A Massachusetts high school choir will no longer be performing at an Italian church during a worship service after a secular group filed a complaint with school district officials.
Groton-Dunstable Regional High School Chamber Chorus was originally scheduled to do a musical performance at St. Anthony's Basilica in Italy for Easter Sunday mass.
But after the Washington, D.C.–based Americans United for Separation of Church and State sent the district a complaint last year, school district officials canceled the performance.
Ian Smith, staff attorney with Americans United who was one of two signatories of the complaint letter, told The Christian Post that it "is not the business of a public school to take public-school students to a church to" take part "in an actual worship service for one of the primary holidays of the Christian religion."
"Students would have been exposed to religious iconography, proselytizing, and would have engaged in worship activities all under the umbrella of an official school field trip," said Smith.
"That the trip may have been optional is no defense — the activity would have been blatantly and flagrantly unconstitutional regardless."
Smith added that he and his organization "are happy that the district has decided to follow the requirements of the constitution by canceling the performance."
Known for having previously performed at the London Olympics, the Groton-Dunstable Regional High School Chamber Chorus was picked out of about 800 other groups to perform at the Italian basilica, according to CBS Boston.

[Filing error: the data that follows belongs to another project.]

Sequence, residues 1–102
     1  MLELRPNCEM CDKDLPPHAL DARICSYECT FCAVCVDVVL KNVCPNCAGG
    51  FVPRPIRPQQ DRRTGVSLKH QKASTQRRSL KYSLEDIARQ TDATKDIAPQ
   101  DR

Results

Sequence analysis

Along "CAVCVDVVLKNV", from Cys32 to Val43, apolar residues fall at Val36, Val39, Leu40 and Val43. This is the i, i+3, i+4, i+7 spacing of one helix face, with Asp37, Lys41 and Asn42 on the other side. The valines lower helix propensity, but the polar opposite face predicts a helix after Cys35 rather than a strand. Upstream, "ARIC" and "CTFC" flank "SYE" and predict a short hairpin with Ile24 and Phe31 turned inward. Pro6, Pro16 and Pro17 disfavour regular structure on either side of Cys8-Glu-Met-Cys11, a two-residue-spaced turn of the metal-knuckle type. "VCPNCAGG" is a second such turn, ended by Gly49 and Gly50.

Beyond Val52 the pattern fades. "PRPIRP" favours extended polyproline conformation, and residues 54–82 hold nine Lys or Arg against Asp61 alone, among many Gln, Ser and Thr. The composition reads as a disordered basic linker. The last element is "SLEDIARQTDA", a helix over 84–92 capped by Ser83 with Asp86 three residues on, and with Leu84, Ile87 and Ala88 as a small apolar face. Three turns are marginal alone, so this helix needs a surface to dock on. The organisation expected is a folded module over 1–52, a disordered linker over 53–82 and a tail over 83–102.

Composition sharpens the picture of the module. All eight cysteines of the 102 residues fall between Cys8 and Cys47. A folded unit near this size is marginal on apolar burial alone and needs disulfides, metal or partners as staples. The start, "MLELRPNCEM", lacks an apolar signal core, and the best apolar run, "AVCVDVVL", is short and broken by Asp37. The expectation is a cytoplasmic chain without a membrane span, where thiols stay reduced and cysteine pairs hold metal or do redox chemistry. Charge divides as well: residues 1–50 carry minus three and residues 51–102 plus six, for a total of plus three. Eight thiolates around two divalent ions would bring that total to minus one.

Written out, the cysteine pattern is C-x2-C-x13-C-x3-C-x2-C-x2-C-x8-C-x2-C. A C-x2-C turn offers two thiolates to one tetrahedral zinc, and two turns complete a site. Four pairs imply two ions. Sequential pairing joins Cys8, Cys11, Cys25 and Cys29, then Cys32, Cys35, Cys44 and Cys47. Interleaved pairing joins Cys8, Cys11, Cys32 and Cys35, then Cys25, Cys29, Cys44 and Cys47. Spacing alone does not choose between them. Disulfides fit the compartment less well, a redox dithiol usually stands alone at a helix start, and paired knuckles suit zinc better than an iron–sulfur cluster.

"The trip to Italy and also Croatia was being privately funded," reported CBS on Tuesday. "The group will still travel to Italy and Croatia in April for several performances."
Last November, Americans United sent a letter of complaint to the school district after being contacted by former school committee member Leslie Lathrop.
"We write to inform you that taking public-school students to worship services as part of a public-school activity is a flagrant violation of the Establishment Clause of the First Amendment to the U.S. Constitution. Please put a stop to this practice, starting with the planned Easter concert," read the letter.
"Just as school-district officials may not proselytize students directly, they also may not facilitate the delivery of religious messages by third parties, including churches."
CBS Boston also reported that members of the chamber chorus were upset over the change of schedule, stating that "they believe it has nothing to do with religion" and that "they had performed at churches before and no one complained."
Andrew Beckwith, president of the Massachusetts Family Institute, is another critic of the school district's decision. He told CP that his organization had been contact by a concerned parent, but that it was after "the school administration had already caved."
"While I understand the concern over a potentially lengthy and expensive lawsuit, what message does it send when the school's leadership refuses to fight for their students' rights?" said Beckwith.
"This is another sad example of common sense being sacrificed to a radical agenda of hostility and intolerance toward expressions of faith in the public square."
Regarding potential Establishment Clause violations, Beckwith told CP that he believed the "only victims here are the students, whose rights have been trampled."
"This is something the students wanted to do, and their rights are being denied by an aggressive agenda that seeks to drive any hint of faith out of the public square," added Beckwith.